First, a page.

top of page

Planes, Trains, & Automobiles: Travel Challenges with MS - Pt. 2

Having made it through the airport and managing to get to the commuter train terminal, I was now in unfamiliar territory, having never used ANY mobility devices on the scant few trains I have been on. But of course I had researched wheelchair accessibility on the Deutsche Bahn trains ad nauseam, so was fairly confident I kind of, sort of, knew what to do/expect??

Here's what I knew: train cars with a wheelchair symbol on them meant that there were spaces set aside for wheelchairs.

Here is what I thought I knew: those same train cars also had ramps that somehow were used to bridge the gap between train and platform.

Here is what I didn't know: only the first car in the front of the train has a ramp, which does not miraculously come out at the push of a button, but rather is placed there by the train conductor, who has to come out of his cab to do it. (I found this out a bit later on)

So of course, we attempted to embark around the middle of the train onto a car that had the wheelchair symbol. Of course, there was no button you could push to make a ramp come out! Where the heck was the ramp? And how the heck do people in wheelchairs get on a train car that is clearly marked as wheelchair friendly with no ramp?? I was perplexed.

We needed to get on the train so we did the only thing we could do...hubby tilted the chair back and wheelied me across the gap into the train, while my brother and niece brought all our luggage.

We spent the next 45 minutes trying to figure out the ramp/non-ramp situation, even going to other cars to see if there were ramps!! I'm sure people were wondering what the heck we were doing!? I'm also pretty sure they didn't know how to help ether?...why would they?..they didn't need a bloody ramp!

Needless to say, when we arrived at the main train station in Munich, we were no further enlightened as to how to disembark the train with a ramp as we were when we embarked. But at least we knew we could get off the train, albeit not gracefully. And if that's all I had to contend with, I was OK with that. But as things would have it, this was not the only thing I was going to have to contend with.

I can laugh about it now; but in the moment, it was a highly charged situation. Because, unknowingly, we had arrived, literally, on the wrong side of the tracks! An able-bodied person could have easily taken the stairs to reach the correct platform, but that was not really an option for someone in a wheelchair. All I knew, was that we needed to be on the opposite side of the track, where the elevator was!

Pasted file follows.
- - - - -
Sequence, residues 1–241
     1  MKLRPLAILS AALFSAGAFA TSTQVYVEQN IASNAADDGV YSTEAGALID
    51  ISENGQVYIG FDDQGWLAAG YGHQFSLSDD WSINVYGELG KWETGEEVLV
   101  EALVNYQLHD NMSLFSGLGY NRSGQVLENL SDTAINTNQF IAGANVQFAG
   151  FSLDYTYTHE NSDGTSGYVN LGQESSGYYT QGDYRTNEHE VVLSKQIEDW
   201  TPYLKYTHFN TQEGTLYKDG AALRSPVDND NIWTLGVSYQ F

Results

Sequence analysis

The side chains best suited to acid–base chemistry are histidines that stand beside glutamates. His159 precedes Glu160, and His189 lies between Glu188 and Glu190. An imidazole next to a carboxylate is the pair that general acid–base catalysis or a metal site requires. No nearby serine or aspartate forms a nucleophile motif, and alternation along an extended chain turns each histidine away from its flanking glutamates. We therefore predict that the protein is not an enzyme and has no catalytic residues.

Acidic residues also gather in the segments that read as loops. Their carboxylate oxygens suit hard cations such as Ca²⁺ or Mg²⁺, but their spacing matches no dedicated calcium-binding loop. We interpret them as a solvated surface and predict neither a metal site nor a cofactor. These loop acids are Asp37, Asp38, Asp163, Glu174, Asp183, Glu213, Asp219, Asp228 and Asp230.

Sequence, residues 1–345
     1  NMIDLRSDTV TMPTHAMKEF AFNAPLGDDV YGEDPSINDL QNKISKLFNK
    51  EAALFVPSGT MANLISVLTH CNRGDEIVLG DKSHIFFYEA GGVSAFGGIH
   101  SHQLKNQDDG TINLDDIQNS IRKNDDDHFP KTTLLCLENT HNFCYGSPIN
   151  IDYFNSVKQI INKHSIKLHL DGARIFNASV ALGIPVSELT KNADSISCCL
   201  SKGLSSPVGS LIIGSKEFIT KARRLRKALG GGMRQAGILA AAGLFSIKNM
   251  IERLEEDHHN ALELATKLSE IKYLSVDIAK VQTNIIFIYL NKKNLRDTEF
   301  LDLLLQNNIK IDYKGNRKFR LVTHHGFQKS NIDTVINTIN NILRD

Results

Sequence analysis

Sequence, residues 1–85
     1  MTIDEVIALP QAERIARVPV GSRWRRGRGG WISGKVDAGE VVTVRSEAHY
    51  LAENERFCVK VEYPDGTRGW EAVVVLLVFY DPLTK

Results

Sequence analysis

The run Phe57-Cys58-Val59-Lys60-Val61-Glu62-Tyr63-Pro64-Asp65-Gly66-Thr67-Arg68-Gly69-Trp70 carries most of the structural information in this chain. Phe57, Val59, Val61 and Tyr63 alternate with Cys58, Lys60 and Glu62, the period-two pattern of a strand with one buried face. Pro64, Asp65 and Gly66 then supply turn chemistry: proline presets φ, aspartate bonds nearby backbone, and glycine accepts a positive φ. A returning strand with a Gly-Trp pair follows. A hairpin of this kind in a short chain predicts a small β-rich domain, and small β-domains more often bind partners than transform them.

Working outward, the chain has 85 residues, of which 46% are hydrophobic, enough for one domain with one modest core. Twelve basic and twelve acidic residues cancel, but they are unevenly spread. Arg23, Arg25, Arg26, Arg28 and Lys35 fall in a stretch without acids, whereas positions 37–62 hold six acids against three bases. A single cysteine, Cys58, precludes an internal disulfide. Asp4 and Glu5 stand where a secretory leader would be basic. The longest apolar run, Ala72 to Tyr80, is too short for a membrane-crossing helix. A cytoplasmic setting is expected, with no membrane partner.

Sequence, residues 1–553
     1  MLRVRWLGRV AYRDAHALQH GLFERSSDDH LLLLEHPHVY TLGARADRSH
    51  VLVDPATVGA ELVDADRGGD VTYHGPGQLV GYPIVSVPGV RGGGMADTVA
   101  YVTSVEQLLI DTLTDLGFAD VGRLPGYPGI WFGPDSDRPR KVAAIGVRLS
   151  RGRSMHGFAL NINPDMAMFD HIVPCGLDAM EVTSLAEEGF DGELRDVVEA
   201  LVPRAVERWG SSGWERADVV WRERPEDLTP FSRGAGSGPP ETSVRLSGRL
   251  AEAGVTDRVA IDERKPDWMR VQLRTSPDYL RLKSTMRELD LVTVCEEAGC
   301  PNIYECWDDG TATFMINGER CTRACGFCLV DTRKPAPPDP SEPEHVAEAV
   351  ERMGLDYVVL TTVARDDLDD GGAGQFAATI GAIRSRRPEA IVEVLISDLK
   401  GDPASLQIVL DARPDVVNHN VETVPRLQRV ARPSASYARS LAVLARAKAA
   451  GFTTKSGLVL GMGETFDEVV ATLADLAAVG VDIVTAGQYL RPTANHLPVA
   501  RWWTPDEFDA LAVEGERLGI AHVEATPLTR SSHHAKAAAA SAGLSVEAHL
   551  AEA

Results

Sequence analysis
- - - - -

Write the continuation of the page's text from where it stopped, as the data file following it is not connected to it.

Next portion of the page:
With trains coming every 10 minutes, but only stopping for, maybe 3 minutes?, we knew we couldn't just get on and then quickly get off on the other side in one fell swoop...not with all the luggage, my rollator, and me in a wheelchair. Because, of course, there was the whole 'gap between the platform and the train, and where the heck was the ramp?!' thing. So someone was going to have to help me 'wheelie' the chair to get onto the train and then off it, which meant there was one less person to help with the luggage.

Kudos to my brother and niece, who handedly managed, in one trip, to move 3 pieces of large luggage and a rollator, allowing hubby to help me get safely across the train car without getting stuck between the gaps (which was a real fear of mine). I'm sure someone on the platform caught the entire fiasco on video.

Thankfully, the rest of the train trip was uneventful. One of the platform attendants kindly directed us to the front of the platform..which is when I learned that you need to be at the front of the train...where they will put out a ramp for you!

I'm hoping that all the trains in Europe follow this protocol. Will let you know if I discover any different.

On a side note: If you're like me and need to have a toilet nearby, the washrooms on the trains (in Germany, at least) are round and wheelchair friendly. But maybe that's for another post? LOL


bottom of page